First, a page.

In a land overrun by rats, a piper arrives and plays his tune. The rats scatter. The piper plays again. The rats, while interested, continue to scurry.
The piper plays yet again. The rats listen. At last, the piper dances away, leading the rats. - an homage to the Pied Piper of Hamelin.
The part where the rats scatter in all directions will be impossible for groups with players who listen for other parts before playing, but if they just play on the beat it should be straightforward.
-- Bradford Wright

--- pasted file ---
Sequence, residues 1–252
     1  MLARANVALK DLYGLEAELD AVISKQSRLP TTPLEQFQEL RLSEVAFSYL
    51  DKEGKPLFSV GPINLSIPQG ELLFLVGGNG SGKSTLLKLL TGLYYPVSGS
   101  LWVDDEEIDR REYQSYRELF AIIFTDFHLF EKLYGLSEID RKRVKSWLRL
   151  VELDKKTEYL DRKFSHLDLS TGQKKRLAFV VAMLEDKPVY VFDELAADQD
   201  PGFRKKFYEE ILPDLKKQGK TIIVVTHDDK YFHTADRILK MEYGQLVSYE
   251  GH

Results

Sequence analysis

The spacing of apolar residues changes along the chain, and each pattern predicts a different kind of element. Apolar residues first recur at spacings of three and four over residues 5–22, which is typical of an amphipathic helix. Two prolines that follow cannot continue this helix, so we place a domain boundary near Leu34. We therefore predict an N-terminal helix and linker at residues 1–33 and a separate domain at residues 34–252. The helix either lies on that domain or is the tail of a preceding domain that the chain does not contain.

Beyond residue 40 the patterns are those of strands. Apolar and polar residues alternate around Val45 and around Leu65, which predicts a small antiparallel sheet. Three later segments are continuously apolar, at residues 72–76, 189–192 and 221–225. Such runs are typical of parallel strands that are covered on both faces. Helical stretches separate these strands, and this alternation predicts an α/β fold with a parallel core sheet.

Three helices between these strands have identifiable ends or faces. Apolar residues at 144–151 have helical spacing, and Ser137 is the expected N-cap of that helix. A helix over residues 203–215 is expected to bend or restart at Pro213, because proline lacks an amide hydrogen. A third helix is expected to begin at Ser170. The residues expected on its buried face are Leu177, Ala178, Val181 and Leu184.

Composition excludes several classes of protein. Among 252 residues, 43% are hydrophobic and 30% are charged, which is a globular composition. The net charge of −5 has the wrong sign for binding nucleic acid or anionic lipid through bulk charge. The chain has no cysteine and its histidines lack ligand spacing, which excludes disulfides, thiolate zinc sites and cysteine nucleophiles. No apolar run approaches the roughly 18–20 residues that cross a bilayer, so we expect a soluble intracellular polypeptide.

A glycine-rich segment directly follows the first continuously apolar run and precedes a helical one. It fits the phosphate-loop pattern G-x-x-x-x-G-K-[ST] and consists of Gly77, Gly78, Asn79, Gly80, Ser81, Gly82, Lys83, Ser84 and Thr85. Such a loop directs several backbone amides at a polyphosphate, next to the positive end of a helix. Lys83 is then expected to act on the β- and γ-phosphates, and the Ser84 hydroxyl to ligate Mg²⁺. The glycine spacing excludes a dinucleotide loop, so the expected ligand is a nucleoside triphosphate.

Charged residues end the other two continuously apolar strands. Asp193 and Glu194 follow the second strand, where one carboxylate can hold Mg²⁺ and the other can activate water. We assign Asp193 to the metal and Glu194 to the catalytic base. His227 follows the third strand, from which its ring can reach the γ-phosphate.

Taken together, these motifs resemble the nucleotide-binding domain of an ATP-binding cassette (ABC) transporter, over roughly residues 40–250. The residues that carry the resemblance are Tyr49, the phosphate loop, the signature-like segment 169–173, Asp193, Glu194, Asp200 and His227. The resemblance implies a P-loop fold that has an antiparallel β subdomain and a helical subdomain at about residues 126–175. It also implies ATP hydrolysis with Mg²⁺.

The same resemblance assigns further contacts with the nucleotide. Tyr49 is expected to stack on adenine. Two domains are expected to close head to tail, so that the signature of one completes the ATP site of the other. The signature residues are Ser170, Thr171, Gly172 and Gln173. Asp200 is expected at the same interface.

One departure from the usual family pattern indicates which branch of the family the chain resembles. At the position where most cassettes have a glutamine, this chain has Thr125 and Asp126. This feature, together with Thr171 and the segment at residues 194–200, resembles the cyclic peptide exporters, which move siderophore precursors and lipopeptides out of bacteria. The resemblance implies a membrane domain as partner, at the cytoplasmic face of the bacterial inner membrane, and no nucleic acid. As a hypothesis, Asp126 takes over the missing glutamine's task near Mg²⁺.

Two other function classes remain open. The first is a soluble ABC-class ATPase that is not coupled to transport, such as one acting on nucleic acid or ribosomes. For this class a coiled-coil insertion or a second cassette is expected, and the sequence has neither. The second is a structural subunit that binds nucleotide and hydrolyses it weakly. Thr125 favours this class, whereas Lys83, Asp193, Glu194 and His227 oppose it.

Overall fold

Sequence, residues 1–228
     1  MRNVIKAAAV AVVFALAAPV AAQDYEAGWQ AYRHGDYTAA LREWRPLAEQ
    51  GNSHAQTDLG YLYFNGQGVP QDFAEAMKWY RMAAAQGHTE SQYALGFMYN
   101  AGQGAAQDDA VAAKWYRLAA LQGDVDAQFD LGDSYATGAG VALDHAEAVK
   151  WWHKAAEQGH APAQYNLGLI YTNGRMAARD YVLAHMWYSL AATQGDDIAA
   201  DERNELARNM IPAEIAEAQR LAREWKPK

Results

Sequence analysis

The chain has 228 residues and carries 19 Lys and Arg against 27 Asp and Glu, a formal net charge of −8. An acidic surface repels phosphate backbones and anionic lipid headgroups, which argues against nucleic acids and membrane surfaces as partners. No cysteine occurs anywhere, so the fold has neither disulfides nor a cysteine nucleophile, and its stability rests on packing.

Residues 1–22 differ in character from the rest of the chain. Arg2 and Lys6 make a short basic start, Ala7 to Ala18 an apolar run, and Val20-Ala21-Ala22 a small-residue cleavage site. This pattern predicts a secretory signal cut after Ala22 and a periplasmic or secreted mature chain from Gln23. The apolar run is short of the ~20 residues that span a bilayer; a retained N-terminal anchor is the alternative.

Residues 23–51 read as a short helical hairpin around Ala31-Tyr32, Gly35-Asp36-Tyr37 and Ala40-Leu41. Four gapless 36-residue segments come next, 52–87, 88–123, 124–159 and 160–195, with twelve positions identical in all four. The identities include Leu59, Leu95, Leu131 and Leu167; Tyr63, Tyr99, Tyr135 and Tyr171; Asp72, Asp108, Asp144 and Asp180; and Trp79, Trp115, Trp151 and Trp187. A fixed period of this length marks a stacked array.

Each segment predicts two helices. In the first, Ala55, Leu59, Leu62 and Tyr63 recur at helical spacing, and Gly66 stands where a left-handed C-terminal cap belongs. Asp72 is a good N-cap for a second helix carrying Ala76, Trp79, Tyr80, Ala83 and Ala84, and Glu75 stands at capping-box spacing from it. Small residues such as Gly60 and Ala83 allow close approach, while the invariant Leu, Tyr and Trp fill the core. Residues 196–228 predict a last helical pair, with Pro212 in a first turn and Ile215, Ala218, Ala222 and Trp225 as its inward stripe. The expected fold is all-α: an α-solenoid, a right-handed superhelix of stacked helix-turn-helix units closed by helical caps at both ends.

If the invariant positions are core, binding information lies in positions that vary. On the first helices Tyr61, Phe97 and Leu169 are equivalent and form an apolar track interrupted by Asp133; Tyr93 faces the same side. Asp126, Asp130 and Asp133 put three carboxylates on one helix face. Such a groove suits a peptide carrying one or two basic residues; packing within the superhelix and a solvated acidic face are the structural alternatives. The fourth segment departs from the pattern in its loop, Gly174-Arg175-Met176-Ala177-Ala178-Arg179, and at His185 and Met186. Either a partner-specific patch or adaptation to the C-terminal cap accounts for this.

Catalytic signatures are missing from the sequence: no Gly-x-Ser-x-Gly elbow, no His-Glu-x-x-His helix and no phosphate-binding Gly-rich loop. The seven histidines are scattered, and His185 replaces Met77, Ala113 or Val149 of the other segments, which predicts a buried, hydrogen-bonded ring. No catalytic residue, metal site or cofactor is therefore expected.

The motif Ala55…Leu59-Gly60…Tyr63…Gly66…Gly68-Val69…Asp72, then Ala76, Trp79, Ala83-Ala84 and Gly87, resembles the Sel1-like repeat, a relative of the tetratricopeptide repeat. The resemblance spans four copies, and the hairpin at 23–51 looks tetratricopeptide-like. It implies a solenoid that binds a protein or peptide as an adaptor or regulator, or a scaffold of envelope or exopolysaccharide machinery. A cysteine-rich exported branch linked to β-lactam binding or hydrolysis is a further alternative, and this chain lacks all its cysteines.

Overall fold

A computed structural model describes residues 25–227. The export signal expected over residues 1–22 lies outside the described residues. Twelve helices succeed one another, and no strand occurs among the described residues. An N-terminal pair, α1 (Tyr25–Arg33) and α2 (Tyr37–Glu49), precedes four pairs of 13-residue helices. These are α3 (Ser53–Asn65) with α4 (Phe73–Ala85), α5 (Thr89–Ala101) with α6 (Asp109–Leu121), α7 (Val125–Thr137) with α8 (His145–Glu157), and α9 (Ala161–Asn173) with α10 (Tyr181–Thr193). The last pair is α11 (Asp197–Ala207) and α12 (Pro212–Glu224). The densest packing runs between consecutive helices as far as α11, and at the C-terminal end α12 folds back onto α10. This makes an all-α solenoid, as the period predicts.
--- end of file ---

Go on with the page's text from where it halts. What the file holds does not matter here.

This is a really fun programmatic piece for an intrepid quartet. The individual parts are not especially difficult, but stitching them together into a cohesive musical fabric will be a wonderful and enjoyable challenge. Hocket-y bits distributed around the group mean that each player must be fully engaged, as well as lots of off-beat statements and responses. The imagery conjured up by the music is highly amusing but may need some technical attention to perfect, such as overlapping scale passages for the scattering rats. The composer does not skimp on the humor in the music, nor does he shy away from accidentals and rhythmic interplay.